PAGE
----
- Open Firmware allows plug-in hardware to include boot-time diagnostics, configuration code, and device drivers that will run on any kind of CPU.
This technique allows diverse computers to run any software written to that specification; only the virtual machine software itself must be written separately for each type of computer on which it runs.
Operating-system-level virtualization is a server virtualization technology which virtualizes servers on an operating system (kernel) layer. It can be thought of as partitioning: a single physical server is sliced into multiple small partitions (otherwise called virtual environments (VE), virtual private servers (VPS), guests, zones, etc.); each such partition looks and feels like a real server, from the point of view of its users.
For example, Solaris Zones supports multiple guest OSs running under the same OS (such as Solaris 10). All guest OSs have to use the same kernel level and cannot run as different OS versions. Solaris native Zones also requires that the host OS be a version of Solaris; other OSs from other manufacturers are not supported. However one would need to use Solaris Branded zones to use other OSs as zones.
Another example is System Workload Partitions (WPARs), introduced in the IBM AIX 6.1 operating system. System WPARs are software partitions running under one instance of the global AIX OS environment.
The operating system level architecture has low overhead that helps to maximize efficient use of server resources. The virtualization introduces only a negligible overhead and allows running hundreds of virtual private servers on a single physical server. In contrast, approaches such as full virtualization (like VMware) and paravirtualization (like Xen or UML) cannot achieve such level of density, due to overhead of running multiple kernels. From the other side, operating system-level virtualization does not allow running different operating systems (i.e. different kernels), although different libraries, distributions, etc. are possible.
List of virtualization-enabled hardware
- Alcatel-Lucent 3B20D/3B21D emulated on commercial off-the-shelf computers with 3B2OE or 3B21E system
- AMD-V (formerly code-named Pacifica)
- ARM TrustZone
- Boston Circuits gCore (grid-on-chip) with 16 ARC 750D cores and Time-machine hardware virtualization module.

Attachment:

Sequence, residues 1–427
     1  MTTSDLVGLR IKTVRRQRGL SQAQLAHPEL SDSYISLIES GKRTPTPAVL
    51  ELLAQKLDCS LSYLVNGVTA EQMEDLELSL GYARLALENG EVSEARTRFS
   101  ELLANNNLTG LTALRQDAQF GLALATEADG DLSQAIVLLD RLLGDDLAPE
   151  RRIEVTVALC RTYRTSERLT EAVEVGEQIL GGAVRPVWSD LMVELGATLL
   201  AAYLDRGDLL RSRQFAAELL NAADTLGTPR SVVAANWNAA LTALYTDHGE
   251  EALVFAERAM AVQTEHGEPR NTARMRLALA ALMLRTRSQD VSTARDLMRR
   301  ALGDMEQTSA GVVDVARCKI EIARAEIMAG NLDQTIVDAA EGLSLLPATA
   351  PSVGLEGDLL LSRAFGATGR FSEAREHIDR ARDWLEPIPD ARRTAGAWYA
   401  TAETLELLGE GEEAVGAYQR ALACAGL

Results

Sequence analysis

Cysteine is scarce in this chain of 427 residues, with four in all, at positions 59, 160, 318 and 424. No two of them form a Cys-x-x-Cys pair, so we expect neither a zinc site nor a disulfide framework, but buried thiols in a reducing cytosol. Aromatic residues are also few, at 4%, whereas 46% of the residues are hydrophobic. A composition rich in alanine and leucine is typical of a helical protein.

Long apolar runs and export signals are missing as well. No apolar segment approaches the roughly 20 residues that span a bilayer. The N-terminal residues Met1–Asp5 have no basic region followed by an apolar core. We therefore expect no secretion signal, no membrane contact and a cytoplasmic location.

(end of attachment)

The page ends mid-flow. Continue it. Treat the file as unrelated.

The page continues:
- Freescale PowerPC MPC8572 and MPC8641D
- IBM System/370, System/390, and zSeries mainframes
- IBM Power Systems
- Intel VT-x (formerly code-named Vanderpool)
- HP vPAR and cell based nPAR
- GE Project MAC then
- Honeywell Multics systems
- Honeywell 200/2000 systems Liberator replacing IBM 14xx systems, Level 62/64/66 GCOS
- IBM System/360 Model 145 Hardware emulator for Honeywell 200/2000 systems
- RCA Spectra/70 Series emulated IBM System/360
- NAS CPUs emulated IBM and Amdahl machines
- Honeywell Level 6 minicomputers emulated predecessor 316/516/716 minis
- Sun Microsystems sun4v (UltraSPARC T1 and T2) – utilized by Logical Domains
- Xerox Sigma 6 CPUs were modified to emulate GE/Honeywell 600/6000 systems
- "Virtual Machines: Virtualization vs. Emulation". Retrieved 2011-03-11.
- Smith, James; Nair, Ravi (2005). "The Architecture of Virtual Machines". Computer (IEEE Computer Society) 38 (5): 32–38. doi:10.1109/MC.2005.173.
- Smith and Nair, pp. 395–396
- Super Fast Server Reboots – Another reason Virtualization rocks. vmwarez.com (2006-05-09). Retrieved on 2013-06-14.
- See History of CP/CMS for IBM's use of virtual machines for operating system development and simulation of new hardware
- Matthew Chapman and Gernot Heiser. vNUMA: A virtual shared-memory multiprocessor. Proceedings of the 2009 USENIX Annual Technical Conference, San Diego, CA, USA, June, 2009 
- James E. Smith, Ravi Nair, Virtual Machines: Versatile Platforms For Systems And Processes, Morgan Kaufmann, May 2005, ISBN 1-55860-910-5, 656 pages (covers both process and system virtual machines)
- Craig, Iain D. Virtual Machines. Springer, 2006, ISBN 1-85233-969-1, 269 pages (covers only process virtual machines)
- The Reincarnation of Virtual Machines, Article on ACM Queue by Mendel Rosenblum, Co-Founder, VMware
- Sandia National Laboratories Runs 1 Million Linux Kernels as Virtual Machines
- The design of the Inferno virtual machine by Phil Winterbottom and Rob Pike
- Software Portability by Virtual Machine Emulation by Stefan Vorkoetter
- Create new Virtual Machine in Windows Azure by Rahul Vijay Manekari